One of the biggest mistakes organisations have been indoctrinated to make is to review and optimise processes before automation. This is only a good idea when processes are functionally broken, not when the only issues are Accuracy, Quality, Velocity, Capacity, Scalability, Complexity, Agility, or Cost. The problem with optimising processes is that it comes from a workflow perspective which is an imprecise and human-centric perspective over all the permutations of processes involved. This is the opposite of the specific processes the machines need. Workflows are often defined in an idealistic way, and deal with the happy path. Real processes have exceptions, and workarounds, and non-ideal activities. For machines to operate accurately they need these “Emergent” processes, not the “Authoritative” approach that re-engineering or optimisation provides.
Considering all machines need human assistance at some point, the interaction must be seamless which requires planning but also a relationship based upon trust and confidence. Shoving an automation solution on a team, will likely not deliver the outcomes desired due to cultural resistance.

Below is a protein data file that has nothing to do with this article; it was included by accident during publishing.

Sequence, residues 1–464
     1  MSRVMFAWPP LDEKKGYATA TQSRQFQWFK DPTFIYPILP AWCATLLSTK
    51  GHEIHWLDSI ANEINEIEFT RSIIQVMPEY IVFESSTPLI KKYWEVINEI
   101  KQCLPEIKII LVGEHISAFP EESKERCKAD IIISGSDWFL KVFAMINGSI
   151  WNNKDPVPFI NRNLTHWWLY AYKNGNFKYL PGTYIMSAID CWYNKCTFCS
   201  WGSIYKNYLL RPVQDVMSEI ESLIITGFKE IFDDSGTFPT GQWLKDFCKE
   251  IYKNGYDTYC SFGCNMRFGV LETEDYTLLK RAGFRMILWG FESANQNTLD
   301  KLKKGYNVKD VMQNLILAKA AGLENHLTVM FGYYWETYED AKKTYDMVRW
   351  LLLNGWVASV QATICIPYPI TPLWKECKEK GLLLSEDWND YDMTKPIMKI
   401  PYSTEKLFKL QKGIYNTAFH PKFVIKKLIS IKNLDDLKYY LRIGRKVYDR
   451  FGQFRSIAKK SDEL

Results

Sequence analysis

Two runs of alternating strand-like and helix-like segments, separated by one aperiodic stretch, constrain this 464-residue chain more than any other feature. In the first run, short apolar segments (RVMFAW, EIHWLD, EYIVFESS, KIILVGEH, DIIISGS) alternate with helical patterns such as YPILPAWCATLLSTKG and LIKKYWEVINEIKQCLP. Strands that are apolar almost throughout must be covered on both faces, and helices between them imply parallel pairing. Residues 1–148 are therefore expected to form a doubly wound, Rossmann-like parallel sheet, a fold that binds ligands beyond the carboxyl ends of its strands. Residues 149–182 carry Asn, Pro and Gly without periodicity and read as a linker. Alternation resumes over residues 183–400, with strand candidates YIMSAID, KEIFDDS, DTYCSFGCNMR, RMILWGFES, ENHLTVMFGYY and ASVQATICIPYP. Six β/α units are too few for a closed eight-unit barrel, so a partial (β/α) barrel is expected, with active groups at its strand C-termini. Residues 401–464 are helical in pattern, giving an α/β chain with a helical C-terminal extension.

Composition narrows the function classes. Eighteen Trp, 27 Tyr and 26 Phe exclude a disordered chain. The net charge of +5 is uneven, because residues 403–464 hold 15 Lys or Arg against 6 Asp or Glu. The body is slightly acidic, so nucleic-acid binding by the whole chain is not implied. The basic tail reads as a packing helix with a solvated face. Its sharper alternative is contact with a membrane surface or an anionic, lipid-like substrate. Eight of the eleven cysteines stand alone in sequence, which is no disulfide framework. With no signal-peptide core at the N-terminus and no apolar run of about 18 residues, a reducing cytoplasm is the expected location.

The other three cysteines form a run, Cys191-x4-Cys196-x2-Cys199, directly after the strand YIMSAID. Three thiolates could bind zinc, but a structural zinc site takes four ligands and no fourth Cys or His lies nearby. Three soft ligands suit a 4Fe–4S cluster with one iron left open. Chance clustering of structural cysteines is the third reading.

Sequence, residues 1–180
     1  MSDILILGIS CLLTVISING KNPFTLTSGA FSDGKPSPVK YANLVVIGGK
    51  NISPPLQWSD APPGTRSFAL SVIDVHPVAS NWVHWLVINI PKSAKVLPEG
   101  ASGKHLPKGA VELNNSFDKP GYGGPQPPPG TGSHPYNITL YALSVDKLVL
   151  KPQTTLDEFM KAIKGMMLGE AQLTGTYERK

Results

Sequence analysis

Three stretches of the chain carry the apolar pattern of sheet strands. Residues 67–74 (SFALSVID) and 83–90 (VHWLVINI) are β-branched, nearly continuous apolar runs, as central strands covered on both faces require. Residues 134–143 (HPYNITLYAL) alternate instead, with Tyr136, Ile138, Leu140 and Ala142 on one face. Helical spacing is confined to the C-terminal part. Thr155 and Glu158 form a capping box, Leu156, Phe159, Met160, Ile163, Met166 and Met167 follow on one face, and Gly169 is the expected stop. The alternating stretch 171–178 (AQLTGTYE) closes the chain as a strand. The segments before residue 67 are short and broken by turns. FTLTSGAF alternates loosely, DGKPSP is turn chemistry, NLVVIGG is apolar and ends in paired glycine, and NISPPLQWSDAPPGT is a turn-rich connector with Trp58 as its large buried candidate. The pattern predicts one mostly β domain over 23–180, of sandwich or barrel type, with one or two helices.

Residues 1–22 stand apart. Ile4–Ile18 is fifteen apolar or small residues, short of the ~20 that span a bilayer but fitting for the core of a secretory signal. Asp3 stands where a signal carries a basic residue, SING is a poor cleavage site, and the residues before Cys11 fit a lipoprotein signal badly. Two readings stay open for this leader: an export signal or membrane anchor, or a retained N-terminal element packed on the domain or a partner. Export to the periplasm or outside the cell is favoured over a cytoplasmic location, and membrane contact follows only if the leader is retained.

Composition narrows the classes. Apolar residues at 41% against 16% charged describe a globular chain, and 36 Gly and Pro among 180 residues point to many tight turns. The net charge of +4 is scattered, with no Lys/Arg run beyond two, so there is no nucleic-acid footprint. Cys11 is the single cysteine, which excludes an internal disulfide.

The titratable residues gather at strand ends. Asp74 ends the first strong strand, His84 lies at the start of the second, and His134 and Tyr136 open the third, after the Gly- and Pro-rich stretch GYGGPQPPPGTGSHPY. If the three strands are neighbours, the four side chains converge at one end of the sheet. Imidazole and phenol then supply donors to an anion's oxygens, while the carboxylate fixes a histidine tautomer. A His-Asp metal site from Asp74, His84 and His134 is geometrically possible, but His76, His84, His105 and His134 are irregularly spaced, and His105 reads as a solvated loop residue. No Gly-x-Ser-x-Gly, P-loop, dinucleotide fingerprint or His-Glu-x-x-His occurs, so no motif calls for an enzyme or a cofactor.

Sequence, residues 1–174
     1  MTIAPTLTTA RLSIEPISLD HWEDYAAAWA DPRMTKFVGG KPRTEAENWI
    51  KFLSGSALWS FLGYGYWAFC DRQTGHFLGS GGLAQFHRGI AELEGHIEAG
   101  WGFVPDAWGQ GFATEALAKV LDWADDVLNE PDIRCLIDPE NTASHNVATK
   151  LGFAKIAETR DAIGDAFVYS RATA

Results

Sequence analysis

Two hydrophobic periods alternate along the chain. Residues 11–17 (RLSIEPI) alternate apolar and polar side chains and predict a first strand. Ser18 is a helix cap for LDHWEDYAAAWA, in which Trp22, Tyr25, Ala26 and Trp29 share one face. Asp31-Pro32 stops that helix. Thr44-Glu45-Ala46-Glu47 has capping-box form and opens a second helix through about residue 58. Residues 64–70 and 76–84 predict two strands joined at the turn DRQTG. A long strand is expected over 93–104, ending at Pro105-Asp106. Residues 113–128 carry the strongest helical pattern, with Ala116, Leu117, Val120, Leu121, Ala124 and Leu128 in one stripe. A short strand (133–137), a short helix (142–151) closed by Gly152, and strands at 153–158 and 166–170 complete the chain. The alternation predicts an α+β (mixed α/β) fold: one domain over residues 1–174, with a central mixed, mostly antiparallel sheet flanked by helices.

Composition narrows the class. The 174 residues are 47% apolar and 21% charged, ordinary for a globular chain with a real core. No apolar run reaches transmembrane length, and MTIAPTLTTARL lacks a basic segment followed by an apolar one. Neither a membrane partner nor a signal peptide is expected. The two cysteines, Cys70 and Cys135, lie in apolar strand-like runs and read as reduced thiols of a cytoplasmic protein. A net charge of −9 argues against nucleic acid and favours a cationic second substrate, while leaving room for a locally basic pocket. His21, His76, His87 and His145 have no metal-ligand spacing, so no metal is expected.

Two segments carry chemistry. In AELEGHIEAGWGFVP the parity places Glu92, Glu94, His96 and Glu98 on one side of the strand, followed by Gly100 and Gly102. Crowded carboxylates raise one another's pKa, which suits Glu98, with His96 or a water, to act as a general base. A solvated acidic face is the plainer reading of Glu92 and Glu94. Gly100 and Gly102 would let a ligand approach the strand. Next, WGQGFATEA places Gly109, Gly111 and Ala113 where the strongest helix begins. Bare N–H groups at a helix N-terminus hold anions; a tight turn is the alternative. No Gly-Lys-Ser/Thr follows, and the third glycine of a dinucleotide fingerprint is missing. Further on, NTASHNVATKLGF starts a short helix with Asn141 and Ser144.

The easiest way to think about processes is to follow the SADA model. The model categorises activities into 4 sectors:
Sensing: is understanding what something is. Whether it is an incoming invoice or a high-speed event on a telecoms network. This can be extended into the world of Cognitive toolings such as computer imaging, and NLP. This should result in a Message that contains not just the sensed thing, but structured information about it.
Analysing: is putting the Sensed thing into context. Is the invoice from a new supplier, is the network even related to other events, is it valid, is it relevant? Analysis should result in a situation that is actionable (or not as the case may be).